Anonymous angel delivers winter coats to the homeless through her charity

By Greg Mellen

As Southern California emerges from one of the rainiest and coldest Februaries on record, Peyton Hitzler takes deep satisfaction from knowing that she helped spare hundreds of homeless residents from the adverse effects of the winter weather.

Over the past five years, Peyton, a senior at Capistrano Valley High School, has collected and distributed winter coats through her charity “Coco’s Coats,” which have been donated to nonprofits that serve people experiencing homelessness.

For her efforts, Peyton was honored by KNX News as a Hero of the Week in January.

“I always feel grateful for my life when I’m able to help others,” Peyton said. “I feel loved in return.”

Peyton said much of her feeling is found in a motto of her group, which comes from 1 Corinthians 16:14 in the Bible, which translates in the English standard version to “Let all that you do be done in love.”

In many ways, Peyton may seem just a high-achieving high school kid. Scrappy second baseman on the varsity softball team, president of the Associated Student Body, carrying a 4.4 GPA and headed to Texas Christian University.. But she’s so much more.

“She has such a big heart,” says her mom, Amy.

Peyton Hitzler, right, and her mom, Amy, have delivered 517 coats for homeless residents in past five years through Peyton’s charity, Coco’s Coats.
Photo courtesy of Peyton Hitzler

For more than 500 homeless and suffering residents in Orange County and beyond, she is an anonymous angel. In recent years, the coats have gone to the Hope Center in Huntington Beach, the Anaheim School District Family Outreach Program, and the Peace Center in Anaheim.

Peyton has never met any of the recipients, nor have they met her. She is simply an unknown benefactress.

There are a number of reasons for this, including liability and privacy issues, since Peyton was a minor as were classmates who helped out when Coco’s Coats was a high school club.

A name in search of a cause

Five years ago, Peyton’s coat journey began. She and her mom, Amy, were hanging out at the dinner table in their Mission Viejo home when they hit upon the idea. At the time, Peyton said she noticed that “homelessness was being brought to the surface.”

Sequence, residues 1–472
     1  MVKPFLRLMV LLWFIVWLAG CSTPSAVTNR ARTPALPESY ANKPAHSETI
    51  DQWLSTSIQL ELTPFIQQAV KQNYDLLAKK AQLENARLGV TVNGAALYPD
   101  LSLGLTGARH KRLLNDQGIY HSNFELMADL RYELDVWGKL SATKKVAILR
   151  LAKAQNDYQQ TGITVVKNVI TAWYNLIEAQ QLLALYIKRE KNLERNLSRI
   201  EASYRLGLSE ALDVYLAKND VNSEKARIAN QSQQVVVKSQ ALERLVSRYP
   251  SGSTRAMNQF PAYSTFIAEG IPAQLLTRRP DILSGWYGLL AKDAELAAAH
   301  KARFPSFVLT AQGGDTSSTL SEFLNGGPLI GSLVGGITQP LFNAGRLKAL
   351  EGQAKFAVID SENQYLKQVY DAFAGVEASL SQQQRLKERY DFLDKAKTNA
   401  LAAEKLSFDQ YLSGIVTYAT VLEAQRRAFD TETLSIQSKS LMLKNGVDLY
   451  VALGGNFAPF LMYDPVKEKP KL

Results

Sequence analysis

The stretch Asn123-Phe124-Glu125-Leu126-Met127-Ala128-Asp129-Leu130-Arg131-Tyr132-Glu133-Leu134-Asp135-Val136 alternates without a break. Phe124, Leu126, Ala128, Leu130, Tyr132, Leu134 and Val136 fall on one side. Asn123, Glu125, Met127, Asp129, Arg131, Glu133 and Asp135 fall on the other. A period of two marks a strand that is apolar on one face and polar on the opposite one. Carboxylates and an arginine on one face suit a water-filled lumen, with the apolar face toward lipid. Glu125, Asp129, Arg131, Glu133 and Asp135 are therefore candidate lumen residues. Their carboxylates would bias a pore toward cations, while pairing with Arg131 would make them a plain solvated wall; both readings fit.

Peyton was part of a Life Group at her church and thinking about the issue.

“She wanted a passion project,” Amy recalls.

According to Amy, her daughter was thinking about handing out socks or goody bags to the homeless with toiletries and other essentials. Suddenly, her mom went next level in a true chicken-or-the-egg moment, coming up with both the name of the charity and its mission.

“Coco’s Coats, we could give coats to the homeless,” Peyton remembers her mom blurting out.

The catchy Coco nickname had been bestowed on Peyton by her younger sister Cameron, when she couldn’t pronounce Peyton as a toddler. Now a senior in high school, Peyton has mostly ditched the nickname, though it still lingers in the family and with some of her softball teammates.

“I remember being excited by the idea,” Peyton said. “I knew it would be a lot of work. I wondered if I wanted to put in the effort.”

Once in, however, Peyton and Amy were fully in.

Each year, the Hitzler family car becomes Santa’s sleigh, as winter coats are collected and delivered through Coco’s Coats, a charity founded by Capo Valley High senior Peyton. Hitzler.
Photo courtesy of Peyton Hitzler

Peyton took over outreach, organizing, and soliciting, while Amy became her chauffeur for pickups and deliveries. Now that Peyton drives, the strain on mom for transport has been somewhat relieved.

“It was our labor of love,” Amy said.

This year, Coco’s Coats was stronger than ever. With help from Cameron and the Lion’s Heart service club, which provides service opportunities for teens, Coco’s Coats gathered 134 coats this winter and expanded its base of donors.

Good thing, according to Amy, who said Coco’s Coats had pretty much raided the closets of Peyton’s friends and family.

Peyton continues to gather new and gently used coats from throughout the community. She can also be reached through Coco’s Coats on Instagram.

The hope is Cameron, along with her twin brother, Reed, will help keep up the cause through their volunteer efforts. And their youngest sister, Kenley, may pitch in as well, as she will enter Capistrano Valley High next year.

“I hope they can keep the ball rolling for me,” Peyton said.

Peyton plans to continue to work remotely on Coco’s Coats from college in the fall and dive into collecting coats in person when she’s home on vacation.

She would also like to redress one missing aspect of her charity experience. Next winter, she will be an adult and would like to meet some of those who receive the coats.

Peyton said it would mean a lot to her to be able to put faces to those she helps. Likewise, for the homeless and hurting, Peyton will be an anonymous angel no more.

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